With the early hype now over, every company or startup in the blockchain industry needs to show its relevance to a broader audience than just the B2B and tech community. In this blog, we share first-hand insights on how companies and startups should communicate in order to make (their) blockchain technology an everlasting hit. Read on to discover the three pillars you need to base your blockchain public relations strategy on right now.
- Blockchain PR: getting over the hype with the right approach
- Ways to educate your blockchain audience
- A simple formula for blockchain storytelling
- Communication, the P2P way: social media and messengers
Remember 2017, the year everyone was talking about blockchain and Bitcoin, even Joe Bloggs? Yes? Well, times have changed. People, meaning mostly journalists and influencers — we are here to talk about PR, after all — have turned their attentions to AI (again) and are no longer interested in just talking about blockchain for the sake of it.
But why is this? The main reason is that most people now understand the broad concepts of blockchain technology. They know it is complex, life-changing, disruptive, revolutionary, and that you could have become super rich if you had bought the right cryptocurrency five years ago (and not as rich if you kept it in 2018). The initial hype has died down, meaning conversations need to progress.
Now that the bubble is beginning to burst, it’s actually a good time for many blockchain companies and startups to get going with their blockchain PR. Quite simply, the question of what to make of cryptocurrencies and blockchains, as The Economist puts it for example, is now arising more and more.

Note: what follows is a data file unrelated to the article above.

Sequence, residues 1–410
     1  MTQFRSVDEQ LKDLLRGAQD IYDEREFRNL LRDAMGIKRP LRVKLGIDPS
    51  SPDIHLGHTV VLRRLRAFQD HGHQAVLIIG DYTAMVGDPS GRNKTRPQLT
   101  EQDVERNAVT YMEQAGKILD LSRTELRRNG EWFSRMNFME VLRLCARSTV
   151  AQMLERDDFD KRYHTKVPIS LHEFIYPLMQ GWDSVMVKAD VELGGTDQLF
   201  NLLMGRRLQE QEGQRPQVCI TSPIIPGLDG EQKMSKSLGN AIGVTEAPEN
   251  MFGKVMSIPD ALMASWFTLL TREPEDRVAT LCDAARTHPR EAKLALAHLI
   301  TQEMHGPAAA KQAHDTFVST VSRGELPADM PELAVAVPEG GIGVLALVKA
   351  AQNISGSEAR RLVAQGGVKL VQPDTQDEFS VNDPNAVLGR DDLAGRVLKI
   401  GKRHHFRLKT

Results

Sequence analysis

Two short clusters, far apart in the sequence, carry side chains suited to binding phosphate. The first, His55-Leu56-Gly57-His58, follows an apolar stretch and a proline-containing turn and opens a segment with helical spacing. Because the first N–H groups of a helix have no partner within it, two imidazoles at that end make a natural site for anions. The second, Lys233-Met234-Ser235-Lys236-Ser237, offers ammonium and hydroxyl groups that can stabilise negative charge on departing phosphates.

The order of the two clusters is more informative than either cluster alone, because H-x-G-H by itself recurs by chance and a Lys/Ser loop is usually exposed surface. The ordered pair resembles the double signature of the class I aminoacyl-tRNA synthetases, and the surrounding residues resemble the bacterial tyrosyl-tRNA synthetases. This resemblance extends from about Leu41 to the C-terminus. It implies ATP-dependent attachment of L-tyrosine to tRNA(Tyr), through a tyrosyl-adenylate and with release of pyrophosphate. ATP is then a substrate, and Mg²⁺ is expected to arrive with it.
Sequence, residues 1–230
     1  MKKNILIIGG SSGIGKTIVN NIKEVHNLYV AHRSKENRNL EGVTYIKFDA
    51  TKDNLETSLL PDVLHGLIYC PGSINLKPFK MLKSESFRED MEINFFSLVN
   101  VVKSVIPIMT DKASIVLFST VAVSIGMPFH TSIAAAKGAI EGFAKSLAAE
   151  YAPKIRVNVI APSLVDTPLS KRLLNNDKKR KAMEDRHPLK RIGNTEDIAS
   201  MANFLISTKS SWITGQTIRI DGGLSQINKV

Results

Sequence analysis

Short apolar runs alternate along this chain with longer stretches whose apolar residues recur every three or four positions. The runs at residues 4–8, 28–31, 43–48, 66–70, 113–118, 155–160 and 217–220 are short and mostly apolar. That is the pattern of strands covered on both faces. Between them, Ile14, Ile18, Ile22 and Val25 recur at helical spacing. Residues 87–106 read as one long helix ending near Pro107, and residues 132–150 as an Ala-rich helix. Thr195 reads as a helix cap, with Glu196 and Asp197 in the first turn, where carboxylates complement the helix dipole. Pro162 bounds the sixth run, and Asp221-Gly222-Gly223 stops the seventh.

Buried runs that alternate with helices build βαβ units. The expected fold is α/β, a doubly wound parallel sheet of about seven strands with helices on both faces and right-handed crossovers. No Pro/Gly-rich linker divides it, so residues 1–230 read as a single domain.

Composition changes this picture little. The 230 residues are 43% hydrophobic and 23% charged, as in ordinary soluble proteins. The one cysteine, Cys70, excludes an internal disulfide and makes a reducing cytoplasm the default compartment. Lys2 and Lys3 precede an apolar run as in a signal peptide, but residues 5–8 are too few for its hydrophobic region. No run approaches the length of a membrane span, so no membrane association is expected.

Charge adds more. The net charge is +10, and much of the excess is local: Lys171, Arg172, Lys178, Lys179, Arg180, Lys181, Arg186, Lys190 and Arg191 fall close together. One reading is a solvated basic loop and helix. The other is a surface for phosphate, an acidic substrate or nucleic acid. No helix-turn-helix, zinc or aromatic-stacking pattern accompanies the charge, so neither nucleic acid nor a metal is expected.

Blockchain public relations: Getting over the hype with the right approach
So, the challenge now is to show why your blockchain company or startup is here to stay. In other words: People need to see how blockchain technology can change their life or the lives of others. And not only in five or ten years time, but today, this year or next year.
(If you haven’t already, this is the perfect time to read the book ‘Crossing The Chasm’ by Geoffrey A. Moore. It’s a must-read for every marketer and PR professional in high-tech industries and demonstrates how you can take a new technology from innovators and early adopters to an early and then late majority market. This is exactly the struggle within the blockchain ecosystem right now.)
Let us make it simple here and apply a straightforward but effective ingredient to your blockchain public relations strategy: Storytelling.
‘Really? That is too simple’, you may think. But read the following three tips — we call them the key pillars of every PR strategy for blockchain companies — and see how storytelling is the connecting element between all of them: